I have found a tenacious rhythm in the life of the church. As Christ Community's Senior Pastor and primary preacher and teacher, I have come to notice that every seventh day is a Sunday. I have tried to stretch and condense the rhythm of the week but to no avail, the first day of the week rolls around and it is time to preach once again. I love doing what I do and I love speaking of Christ's forgiveness, mercy, grace and love. There is, however, Monday to deal with.
Sunday I am with people all day (I'm an extrovert this is fine), but when I crawl into bed on Sunday night I am tired -- physically, emotionally, spiritually tired. When I rise on Monday that weariness seems to settle in and, like a Spring fog in Central New York, usually doesn't burn off until early afternoon. Typically, my solution to this is to NOT inflict myself on people on Monday morning. Sometimes it is unavoidable, sometimes it is essential, nonetheless, given a choice, I work hard to be invisible, quiet, reflective on a Monday.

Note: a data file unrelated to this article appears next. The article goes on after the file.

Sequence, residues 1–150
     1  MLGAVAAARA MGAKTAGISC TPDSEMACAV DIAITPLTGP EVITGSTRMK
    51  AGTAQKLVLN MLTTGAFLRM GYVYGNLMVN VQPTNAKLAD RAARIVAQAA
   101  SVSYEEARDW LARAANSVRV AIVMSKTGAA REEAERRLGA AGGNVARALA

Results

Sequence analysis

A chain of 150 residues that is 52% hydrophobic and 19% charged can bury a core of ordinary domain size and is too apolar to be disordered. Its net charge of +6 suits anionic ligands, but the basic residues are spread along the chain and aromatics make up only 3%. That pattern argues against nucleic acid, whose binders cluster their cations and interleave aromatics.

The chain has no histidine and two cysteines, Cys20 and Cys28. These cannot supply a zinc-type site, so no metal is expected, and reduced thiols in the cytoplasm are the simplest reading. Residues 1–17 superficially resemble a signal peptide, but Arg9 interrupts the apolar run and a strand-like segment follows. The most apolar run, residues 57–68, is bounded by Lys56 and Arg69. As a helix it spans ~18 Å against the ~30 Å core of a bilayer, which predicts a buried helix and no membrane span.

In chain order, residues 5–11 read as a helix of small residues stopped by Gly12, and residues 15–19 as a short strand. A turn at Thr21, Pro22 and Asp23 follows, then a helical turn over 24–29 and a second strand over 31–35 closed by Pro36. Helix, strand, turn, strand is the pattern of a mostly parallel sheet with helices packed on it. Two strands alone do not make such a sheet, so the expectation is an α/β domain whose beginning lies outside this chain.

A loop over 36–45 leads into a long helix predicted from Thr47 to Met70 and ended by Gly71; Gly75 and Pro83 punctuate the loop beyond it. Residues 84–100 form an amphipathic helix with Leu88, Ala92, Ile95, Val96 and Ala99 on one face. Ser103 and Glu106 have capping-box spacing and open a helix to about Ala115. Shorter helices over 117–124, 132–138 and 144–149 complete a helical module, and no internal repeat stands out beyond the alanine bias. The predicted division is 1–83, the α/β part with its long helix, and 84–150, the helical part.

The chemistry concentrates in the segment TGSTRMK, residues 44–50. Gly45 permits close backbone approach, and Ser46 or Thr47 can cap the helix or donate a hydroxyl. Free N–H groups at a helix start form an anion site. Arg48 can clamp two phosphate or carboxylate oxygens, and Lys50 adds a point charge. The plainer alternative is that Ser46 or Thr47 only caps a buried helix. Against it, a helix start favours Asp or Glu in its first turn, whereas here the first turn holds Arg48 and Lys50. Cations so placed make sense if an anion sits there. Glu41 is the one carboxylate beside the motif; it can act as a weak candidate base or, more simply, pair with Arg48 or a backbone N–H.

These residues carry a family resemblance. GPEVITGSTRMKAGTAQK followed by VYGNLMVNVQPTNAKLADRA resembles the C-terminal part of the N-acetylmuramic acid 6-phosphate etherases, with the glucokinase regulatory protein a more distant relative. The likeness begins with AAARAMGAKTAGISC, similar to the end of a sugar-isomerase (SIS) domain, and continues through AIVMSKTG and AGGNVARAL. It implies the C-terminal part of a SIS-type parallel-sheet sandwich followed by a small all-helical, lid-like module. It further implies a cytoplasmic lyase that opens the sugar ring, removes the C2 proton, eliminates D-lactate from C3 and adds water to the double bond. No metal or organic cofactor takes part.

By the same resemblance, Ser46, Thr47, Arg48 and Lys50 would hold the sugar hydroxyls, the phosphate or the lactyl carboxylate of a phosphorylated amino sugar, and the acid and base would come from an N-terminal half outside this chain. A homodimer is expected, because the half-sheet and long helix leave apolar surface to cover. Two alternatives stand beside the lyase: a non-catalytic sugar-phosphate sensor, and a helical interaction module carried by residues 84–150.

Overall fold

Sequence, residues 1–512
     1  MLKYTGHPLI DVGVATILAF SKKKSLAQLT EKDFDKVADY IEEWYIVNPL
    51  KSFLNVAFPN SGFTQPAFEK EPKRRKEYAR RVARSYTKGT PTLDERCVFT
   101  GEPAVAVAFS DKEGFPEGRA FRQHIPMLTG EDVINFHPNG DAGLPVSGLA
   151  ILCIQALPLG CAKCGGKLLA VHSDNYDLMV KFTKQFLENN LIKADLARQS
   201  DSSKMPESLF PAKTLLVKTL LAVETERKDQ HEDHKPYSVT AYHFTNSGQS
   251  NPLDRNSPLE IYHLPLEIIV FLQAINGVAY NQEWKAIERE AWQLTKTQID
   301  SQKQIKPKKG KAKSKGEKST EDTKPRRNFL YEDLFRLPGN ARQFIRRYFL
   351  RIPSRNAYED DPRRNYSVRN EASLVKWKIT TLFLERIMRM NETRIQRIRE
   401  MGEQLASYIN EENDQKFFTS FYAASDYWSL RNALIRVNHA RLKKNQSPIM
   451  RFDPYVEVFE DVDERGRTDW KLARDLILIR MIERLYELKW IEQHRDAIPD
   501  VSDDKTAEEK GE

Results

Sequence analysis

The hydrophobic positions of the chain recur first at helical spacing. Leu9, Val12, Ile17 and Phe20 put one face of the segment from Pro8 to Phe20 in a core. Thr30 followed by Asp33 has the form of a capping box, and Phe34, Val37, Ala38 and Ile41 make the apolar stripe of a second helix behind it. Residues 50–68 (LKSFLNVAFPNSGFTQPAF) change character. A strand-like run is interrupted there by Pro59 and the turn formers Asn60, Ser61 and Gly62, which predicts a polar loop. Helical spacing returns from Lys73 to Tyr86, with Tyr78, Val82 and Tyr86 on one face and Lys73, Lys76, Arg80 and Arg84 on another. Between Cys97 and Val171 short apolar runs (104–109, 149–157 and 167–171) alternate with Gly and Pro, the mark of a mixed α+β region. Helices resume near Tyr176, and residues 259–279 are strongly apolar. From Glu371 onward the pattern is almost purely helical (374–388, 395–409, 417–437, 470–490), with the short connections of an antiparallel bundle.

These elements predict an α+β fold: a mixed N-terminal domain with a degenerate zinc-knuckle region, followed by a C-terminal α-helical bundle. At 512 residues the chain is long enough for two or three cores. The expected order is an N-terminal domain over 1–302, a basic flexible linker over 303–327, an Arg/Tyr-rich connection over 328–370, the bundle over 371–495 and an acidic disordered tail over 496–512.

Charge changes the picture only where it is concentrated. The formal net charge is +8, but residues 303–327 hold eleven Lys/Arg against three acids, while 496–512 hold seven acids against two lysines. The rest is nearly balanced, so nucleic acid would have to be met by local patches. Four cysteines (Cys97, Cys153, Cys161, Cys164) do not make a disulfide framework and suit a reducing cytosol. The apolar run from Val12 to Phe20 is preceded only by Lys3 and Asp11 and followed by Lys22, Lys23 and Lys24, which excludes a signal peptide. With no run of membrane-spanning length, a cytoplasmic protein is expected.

Life has rhythms and patterns. The birth, growth, decline, death cycle is familiar (and, frankly, unavoidable). There is the rhythm of sunrise and sunset. The seasons spin from Summer to Fall to Winter to Spring and back to Summer again. We are surrounded by patterns and rhythms. I suspect this is why many of the ancient ones of the Christian movement recommended some type of rhythmic approach to the spiritual life. They developed the monastic hours for prayer throughout the day. They developed the Christian calendar (Lent/Easter/Pentecost/etc.) to frame the rhythm of each passing year.
It is Monday and my rhythmic pattern is to hide for a while and then slowly re-emerge.